Businesswoman Melissa Caddick disappeared from her Sydney mansion owing millions to investors. Photo / News Corp AustraliaMissing con artist Melissa Caddick allegedly used her “sham” investment firm to pocket more than $30 million from 72 trusting investors over the course of eight years, a court has heard.
Caddick, whose decomposed foot washed up on a NSW beach this year, is believed dead but the Australian Securities and Investments Commission’s fight to claw back the tens of millions it says she stole continues in court.
A Federal Court hearing today was told there was a gap of up to A$23.7m ($25.5m) between the value of Caddick’s assets, and the assets of her business Maliver, and what is owed to her distraught creditors.
ASIC’s barrister, Farid Assaf SC, said the 49-year-old charmed her alleged victims through the boutique company, which appeared successful, between October 2012 and November 2020.
She also fooled people by flaunting the “trappings of wealth” including luxury cars and designer clothes, he said.
But the “only source” of A$30.195m ($32.46m) in funds deposited into the 37 bank accounts that she operated during that period was her investors’, apart from “limited exceptions”, Assaf said.
Assaf said in 2012 investors pumped A$305,000 ($327.873) into Caddick’s scheme and the amount of cash increased “quite dramatically” over the years, rising A$7.7m ($8.28m) during 2020.
“Unfortunately, Ms Caddick’s success and (that of) the financial services business were all a facade,” he said.
“And, in our submission, (Maliver) was an elaborate front for Ms Caddick’s Ponzi scheme.”
Caddick disappeared from her sprawling eastern suburbs home on November 12, just hours after federal police raided the Dover Heights property.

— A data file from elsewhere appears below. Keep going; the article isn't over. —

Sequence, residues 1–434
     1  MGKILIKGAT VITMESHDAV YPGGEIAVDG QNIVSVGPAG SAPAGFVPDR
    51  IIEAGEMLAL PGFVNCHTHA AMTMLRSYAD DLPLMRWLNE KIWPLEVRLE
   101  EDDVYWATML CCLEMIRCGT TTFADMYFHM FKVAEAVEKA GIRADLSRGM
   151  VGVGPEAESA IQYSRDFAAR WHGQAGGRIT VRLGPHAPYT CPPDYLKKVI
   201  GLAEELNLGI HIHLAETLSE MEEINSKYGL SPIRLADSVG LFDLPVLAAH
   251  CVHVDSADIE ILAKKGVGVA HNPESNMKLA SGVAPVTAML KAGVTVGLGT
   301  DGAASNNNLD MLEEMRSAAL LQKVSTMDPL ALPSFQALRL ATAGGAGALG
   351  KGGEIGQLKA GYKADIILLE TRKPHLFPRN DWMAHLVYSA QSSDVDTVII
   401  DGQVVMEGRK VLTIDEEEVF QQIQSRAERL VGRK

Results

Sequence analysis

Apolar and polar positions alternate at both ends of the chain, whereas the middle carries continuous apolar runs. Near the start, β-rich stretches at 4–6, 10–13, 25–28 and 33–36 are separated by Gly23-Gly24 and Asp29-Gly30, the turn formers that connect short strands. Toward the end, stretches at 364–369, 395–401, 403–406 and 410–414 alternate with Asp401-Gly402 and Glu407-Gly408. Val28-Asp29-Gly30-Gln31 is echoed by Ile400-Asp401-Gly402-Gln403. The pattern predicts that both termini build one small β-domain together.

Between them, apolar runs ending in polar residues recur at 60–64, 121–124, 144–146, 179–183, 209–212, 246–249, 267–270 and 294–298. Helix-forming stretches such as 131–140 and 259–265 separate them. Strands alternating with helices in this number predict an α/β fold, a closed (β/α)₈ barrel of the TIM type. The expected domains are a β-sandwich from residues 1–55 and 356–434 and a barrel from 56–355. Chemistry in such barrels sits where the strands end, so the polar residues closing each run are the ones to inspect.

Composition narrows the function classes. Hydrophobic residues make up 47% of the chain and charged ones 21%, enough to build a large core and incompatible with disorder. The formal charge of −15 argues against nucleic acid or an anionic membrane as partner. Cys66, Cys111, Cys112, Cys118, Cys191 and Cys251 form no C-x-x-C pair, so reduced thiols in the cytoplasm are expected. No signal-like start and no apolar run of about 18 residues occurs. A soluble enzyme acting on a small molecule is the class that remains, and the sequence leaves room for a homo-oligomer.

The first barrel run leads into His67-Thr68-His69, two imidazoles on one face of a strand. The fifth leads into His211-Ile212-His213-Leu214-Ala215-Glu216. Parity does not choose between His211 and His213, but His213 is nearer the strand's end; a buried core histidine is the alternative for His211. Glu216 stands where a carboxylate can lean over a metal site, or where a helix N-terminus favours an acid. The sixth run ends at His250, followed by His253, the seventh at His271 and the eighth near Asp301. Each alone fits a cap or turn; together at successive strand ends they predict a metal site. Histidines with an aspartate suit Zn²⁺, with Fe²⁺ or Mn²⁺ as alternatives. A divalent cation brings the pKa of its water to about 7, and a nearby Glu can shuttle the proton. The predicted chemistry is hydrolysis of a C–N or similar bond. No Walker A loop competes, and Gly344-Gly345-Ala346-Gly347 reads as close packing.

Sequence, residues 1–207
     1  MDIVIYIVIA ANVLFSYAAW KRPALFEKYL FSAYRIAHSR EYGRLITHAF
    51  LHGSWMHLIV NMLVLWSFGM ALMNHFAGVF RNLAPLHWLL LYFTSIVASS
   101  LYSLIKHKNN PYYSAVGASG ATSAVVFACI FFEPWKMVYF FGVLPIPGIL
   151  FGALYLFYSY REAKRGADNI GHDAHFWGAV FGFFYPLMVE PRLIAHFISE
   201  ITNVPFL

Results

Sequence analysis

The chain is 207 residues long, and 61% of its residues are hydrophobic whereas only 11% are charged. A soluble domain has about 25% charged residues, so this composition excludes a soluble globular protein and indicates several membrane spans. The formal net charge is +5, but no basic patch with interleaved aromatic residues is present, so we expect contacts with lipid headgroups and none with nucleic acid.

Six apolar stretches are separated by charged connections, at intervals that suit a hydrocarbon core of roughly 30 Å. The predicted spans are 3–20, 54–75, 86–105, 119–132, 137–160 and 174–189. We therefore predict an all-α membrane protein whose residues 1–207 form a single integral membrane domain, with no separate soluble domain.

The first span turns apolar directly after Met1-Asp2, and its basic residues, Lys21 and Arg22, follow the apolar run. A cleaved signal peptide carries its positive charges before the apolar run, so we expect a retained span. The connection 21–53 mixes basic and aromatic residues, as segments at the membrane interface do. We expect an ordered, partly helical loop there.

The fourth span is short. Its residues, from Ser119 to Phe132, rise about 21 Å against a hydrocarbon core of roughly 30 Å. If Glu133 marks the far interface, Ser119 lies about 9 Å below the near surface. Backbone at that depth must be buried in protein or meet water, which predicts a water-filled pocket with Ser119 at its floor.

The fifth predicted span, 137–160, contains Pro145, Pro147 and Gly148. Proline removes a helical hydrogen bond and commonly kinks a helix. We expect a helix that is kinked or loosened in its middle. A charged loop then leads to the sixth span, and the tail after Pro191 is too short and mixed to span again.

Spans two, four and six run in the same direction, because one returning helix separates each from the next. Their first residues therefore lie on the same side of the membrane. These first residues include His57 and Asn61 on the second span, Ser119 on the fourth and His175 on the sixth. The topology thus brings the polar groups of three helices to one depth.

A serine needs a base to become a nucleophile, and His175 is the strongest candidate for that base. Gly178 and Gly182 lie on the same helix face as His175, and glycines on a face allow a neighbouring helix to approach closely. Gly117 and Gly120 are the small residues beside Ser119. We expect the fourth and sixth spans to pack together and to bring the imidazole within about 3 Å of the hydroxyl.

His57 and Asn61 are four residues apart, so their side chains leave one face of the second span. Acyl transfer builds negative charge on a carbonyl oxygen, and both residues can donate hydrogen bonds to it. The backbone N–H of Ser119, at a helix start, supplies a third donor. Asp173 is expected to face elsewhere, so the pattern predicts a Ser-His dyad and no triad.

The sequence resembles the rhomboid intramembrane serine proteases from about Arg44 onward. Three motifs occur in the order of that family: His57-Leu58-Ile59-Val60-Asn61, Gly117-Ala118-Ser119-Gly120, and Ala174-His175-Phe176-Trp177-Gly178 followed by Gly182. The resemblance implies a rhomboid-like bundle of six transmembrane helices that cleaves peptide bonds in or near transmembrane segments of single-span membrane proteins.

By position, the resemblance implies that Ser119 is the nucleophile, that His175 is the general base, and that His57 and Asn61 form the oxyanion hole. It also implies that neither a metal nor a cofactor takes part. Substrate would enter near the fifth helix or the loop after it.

She left in her running gear but took nothing with her and despite a high-profile and extensive search, investigators found no trace of her for months.
That was until the grim discovery of her decomposed foot inside an Asics running shoe on Bournda beach on the NSW south coast in February. The rest of her body has not been uncovered.
Police believe her remains washed ashore months after she threw herself off the cliffs at Dover Heights soon after leaving her home.
Assaf told the court Caddick would convince potential investors of her financial prowess and advise them to set up CommSec accounts and self-managed super funds, which she would oversee.
The investors would then transfer funds to Caddick who was operating without a financial services licence and to her “alter ego”, Maliver, for her to manage.
To maintain the scheme she would then fabricate portfolio evaluation statements purported to be from CommSec and carrying the bank’s letterhead and a client account number.
Assaf said ASIC had recovered hundreds of such documents but “not one is a genuine portfolio evaluation statement from CommSec”.
“Unfortunately, Ms Caddick would misappropriate those funds for her own personal use,” he said.
The court heard some of those funds were used to pay for a luxurious lifestyle and to purchase “rural property, motor vehicles, artworks and jewellery”.
Yet a valuation of Caddick’s remaining assets, which cannot be published, has found a “significant deficiency” in what is owed to investors, ranging “from about A$15 to A$23.7 million” ($16.12 to 25.48m).
Some investors did have their capital returned, though they were few in number, Assaf said.
“They were simply funds that were arbitrarily refunded by Ms Caddick to particular investors,” he said.
The court heard a total of just over A$8.5m ($9.14m) was repaid to creditors during the eight-year scheme, leaving a gap of A$23m ($24.72m).
Most of the funds were sent to Maliver, but ASIC argues in reality it all went to Caddick and not the company Assaf described as “a sham”.
“Because of the fraudulent nature of this scheme it was Ms Caddick who was the controlling mind of Maliver and therefore we invite the court to draw no distinction between the activities of Ms Caddick and Maliver,” he said.
The court heard Caddick’s parents, Edward and Barbara Grimley, were now interested parties in the court proceedings to carve up their daughter’s assets.
The hearing continues before Justice Brigitte Markovic.
– NCA NewsWire

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